Together they wrote this book to help cancer patients navigate the journey with both personal and professional guidance. Joining them are other families dealing with cancer who candidly share their experiences and what they have learned along the way, both positive and negative.
An Inspirational Story About What Really Matters at the End of Life
And it’s both of those. When faced with death, Norma chose living. And in doing so, she and her family learned what really matters at the end. Through this book, they share what they learned with us.
(This post contains affiliate links.)
I first learned about Norma Bauerschmidt on Facebook when a friend shared a video about her. She was a 90 year old woman who decided to spend the last months of her life “on the road” travelling with her son in a motorhome. She was diagnosed with cancer but decided to forgo treatment so she could enjoy her remaining time.
I didn’t learn more about her until I saw this book. I decided to read it, expecting a feel good entertaining read. The story turned out to be far more complex than the little I knew.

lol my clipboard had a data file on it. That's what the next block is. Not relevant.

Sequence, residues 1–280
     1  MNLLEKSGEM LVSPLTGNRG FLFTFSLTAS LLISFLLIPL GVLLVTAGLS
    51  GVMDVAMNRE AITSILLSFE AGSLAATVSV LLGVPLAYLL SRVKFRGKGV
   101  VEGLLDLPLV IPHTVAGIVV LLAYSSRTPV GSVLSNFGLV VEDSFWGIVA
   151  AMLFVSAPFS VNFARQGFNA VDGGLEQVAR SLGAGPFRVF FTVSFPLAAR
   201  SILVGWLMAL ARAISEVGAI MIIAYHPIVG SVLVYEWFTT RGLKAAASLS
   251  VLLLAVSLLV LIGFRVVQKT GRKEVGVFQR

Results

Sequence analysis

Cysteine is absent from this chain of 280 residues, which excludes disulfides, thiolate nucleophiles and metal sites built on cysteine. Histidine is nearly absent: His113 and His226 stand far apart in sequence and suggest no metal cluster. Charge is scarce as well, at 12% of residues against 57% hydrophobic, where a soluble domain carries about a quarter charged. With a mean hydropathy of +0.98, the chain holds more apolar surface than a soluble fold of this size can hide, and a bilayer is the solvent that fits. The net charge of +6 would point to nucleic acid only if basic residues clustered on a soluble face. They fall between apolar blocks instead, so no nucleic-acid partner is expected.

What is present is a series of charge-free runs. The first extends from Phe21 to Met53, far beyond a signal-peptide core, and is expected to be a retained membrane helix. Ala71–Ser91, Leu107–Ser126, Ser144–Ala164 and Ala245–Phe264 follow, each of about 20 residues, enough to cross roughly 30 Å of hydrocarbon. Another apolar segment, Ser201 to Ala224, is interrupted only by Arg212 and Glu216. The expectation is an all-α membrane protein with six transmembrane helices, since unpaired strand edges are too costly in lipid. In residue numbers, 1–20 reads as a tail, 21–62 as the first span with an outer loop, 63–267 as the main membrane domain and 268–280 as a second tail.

Driving Miss Norma tells the story of Norma Bauerschmidt, a WWII WAVE veteran, wife, and mother. She was still in good health at 90 years of age, until she was diagnosed with cancer.
Her doctor recommended surgery to be followed by chemotherapy, and warned her the treatment and recovery would be long and difficult. She told him no, she would rather “hit the road” with her son and daughter-in-law and enjoy her life, seeing and doing things she had not had a chance to do before. And her doctor agreed, saying that is just what he would do.
Tim, her son, and Ramie, his wife, had already been living a nomadic life, travelling the country with their standard poodle Ringo in an Airstream travel trailer they parked in campgrounds and Walmart parking lots. They enjoyed travelling, seeing new places, meeting new people. They wondered how adding a 90 year old woman to their wandering lifestyle would work.
By the time they completed arrangements for Norma to join them, she was already frail, and as her illness progressed she needed even more attention and care. Tim and Ramie soon realized that this might be more difficult and complex than they imagined.